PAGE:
Tibetan farmer escapes imminent arrest for sharing religious texts

Ugyen Lhundup, 57, was a farmer at Thangka Village in Kardze (Ch: Ganzi) Township in Kardze Tibetan Autonomous Prefecture, Sichuan Province. In 1999, he came to India and lived for some time to study Buddhism. In 2001, after attending the Kalachakra teachings at Bodh Gaya in the north Indian state of Bihar, he returned to Tibet taking along some CDs and books containing religious teachings, which he shared with others on requests from friends and relatives. He also made free copies of the CDs and distributed them among his social circle. It was then that he became a prime target for supervision and surveillance. On 21 October 2012, to escape imminent arrest, he left his house and farm in the care of his neighbor, and secretly left Tibet and reached India on 15 December 2012. Ugyen Lhundup shares his ordeal:

“In 2002, the head of County Public Security Bureau officer, Loga, summoned me at his office. At the PSB office, the officer confiscated my passport and threatened me with five to six months’ detention, if I did not stop questioning the confiscation of my passport. I was let go but without my passport. 

“In 2004, I was again called at the County PSB office where I was told not to venture beyond Dzachuka in the north and Ngari in the south. The officers told me that they were suspicious of me collecting outside information and my past India visit. Now I required official permission to leave my own hometown. Soon, I came under heavy surveillance. The authorities collected information from friends and neighbors about where I went, whom I met and what I did.

“In 2008, many Tibetans died during security crackdowns. Many were left scarred for life. For instance, nun Dhontse Wangmo was detained following her peaceful protest against the Chinese government. As a result of beatings and torture in detention, she has now lost her mental stability and needs constant care and attention. In 2010, two nuns, Namgyal Lhamo and Tashi Choedon, [Full report] were detained after they staged a peaceful protest in Kardze County town. After five months in secret detention, both nuns were released when the prison officials noticed that the nuns had lost mental balance due to severe beatings and torture.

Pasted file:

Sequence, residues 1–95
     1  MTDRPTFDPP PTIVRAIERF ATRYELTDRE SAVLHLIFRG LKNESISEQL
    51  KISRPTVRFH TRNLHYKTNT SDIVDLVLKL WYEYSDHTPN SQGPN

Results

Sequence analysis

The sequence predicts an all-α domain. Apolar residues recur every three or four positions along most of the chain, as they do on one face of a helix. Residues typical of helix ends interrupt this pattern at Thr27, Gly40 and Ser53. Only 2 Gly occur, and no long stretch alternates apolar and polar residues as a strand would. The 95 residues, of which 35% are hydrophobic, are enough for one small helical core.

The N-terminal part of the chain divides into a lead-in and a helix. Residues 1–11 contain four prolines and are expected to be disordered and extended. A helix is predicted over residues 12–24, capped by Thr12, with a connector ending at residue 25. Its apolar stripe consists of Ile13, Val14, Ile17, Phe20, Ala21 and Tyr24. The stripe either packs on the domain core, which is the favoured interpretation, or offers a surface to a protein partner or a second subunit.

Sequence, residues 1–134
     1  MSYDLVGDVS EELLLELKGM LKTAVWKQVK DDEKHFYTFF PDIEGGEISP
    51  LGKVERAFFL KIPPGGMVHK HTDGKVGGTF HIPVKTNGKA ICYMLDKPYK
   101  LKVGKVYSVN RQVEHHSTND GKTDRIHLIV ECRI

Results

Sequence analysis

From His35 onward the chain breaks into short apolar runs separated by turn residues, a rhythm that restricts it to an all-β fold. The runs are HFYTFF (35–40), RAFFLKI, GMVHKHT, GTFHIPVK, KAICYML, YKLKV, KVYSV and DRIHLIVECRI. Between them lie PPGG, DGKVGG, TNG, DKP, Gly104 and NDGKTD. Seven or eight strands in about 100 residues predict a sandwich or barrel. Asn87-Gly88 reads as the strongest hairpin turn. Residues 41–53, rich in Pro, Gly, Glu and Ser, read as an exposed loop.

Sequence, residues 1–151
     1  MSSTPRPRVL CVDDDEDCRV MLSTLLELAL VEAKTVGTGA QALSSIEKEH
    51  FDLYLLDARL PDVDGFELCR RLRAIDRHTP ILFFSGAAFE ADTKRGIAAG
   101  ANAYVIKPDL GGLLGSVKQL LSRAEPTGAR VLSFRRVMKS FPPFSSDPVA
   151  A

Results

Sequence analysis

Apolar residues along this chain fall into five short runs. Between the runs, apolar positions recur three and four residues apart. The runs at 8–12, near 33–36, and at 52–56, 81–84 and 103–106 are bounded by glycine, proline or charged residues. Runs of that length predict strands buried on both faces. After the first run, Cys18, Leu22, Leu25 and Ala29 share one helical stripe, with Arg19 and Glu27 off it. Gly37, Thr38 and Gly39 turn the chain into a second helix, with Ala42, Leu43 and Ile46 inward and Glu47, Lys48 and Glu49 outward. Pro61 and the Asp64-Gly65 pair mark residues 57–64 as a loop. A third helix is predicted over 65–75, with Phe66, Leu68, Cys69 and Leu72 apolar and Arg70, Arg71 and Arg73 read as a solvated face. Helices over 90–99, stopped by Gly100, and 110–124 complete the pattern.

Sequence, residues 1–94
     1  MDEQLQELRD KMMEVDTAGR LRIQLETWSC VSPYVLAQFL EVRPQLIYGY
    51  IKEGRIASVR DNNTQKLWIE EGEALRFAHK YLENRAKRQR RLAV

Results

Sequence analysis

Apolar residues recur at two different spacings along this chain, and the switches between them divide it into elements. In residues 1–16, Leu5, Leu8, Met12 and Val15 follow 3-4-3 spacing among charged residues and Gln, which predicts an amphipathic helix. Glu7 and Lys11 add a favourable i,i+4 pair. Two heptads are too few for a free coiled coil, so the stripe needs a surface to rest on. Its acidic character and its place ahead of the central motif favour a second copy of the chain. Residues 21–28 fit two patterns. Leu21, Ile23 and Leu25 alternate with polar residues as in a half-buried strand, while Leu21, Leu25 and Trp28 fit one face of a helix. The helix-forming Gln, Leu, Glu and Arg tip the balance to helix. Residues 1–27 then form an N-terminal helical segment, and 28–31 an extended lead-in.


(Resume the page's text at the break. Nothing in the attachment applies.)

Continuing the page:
“I remember a young woman in Kardze was imprisoned for two years after she copied a speech by exile Tibetan political leader, Sikyong Lobsang Sangay and shared it with others. After her release, she continued to face difficulties getting employment. In September 2011, many ‘work teams’ arrived in Kardze to spread socialism and Party propaganda among local Tibetans. ‘Work team’ officials holding higher positions were sent to rich Tibetan families who were congratulated on their newfound wealth but at the same time to remember to be grateful to the Chinese government for the new prosperity. The lower-level ‘work team’ officials visited the poor Tibetan families burdening them with money and expensive gifts and telling them that Tibet and China are ‘inseparable siblings’. They also told the Tibetans to air their grievances but at the same time to listen and implement the orders of the Chinese government. Moreover, the ‘work team’ officials rigorously hold ‘patriotic education’ telling Tibetans not to follow the incitement of the ‘Dalai clique’.

“Furthermore, following the twin self-immolation protest in Lhasa, many Tibetans from Kham and Amdo provinces living in the city for many years were expelled and returned to their native villages. Tibetans living outside Tibet Autonomous Region (TAR) have to seek permissions from different county authorities including County police station, County PSB office, to visit TAR. The process for procuring these permissions require a Tibetan to make a formal undertaking not to join any protest activities in Lhasa or elsewhere in TAR. Tibetans visiting Lhasa without government authoritisation are being detained, questioned and returned back to their home villages. Security presence has increased in and around Lhasa with countless cameras spying on the activities of local residents.
In areas where self-immolations and other protests have occurred, monks and nuns are not allowed to leave their monastic institutions without official permission. In case of emergencies, they are required not only to seek permission from local PSB office but also to leave someone as guarantee for their return. Restriction on all communication channels such as the Internet
and phone has increased in Kardze.”


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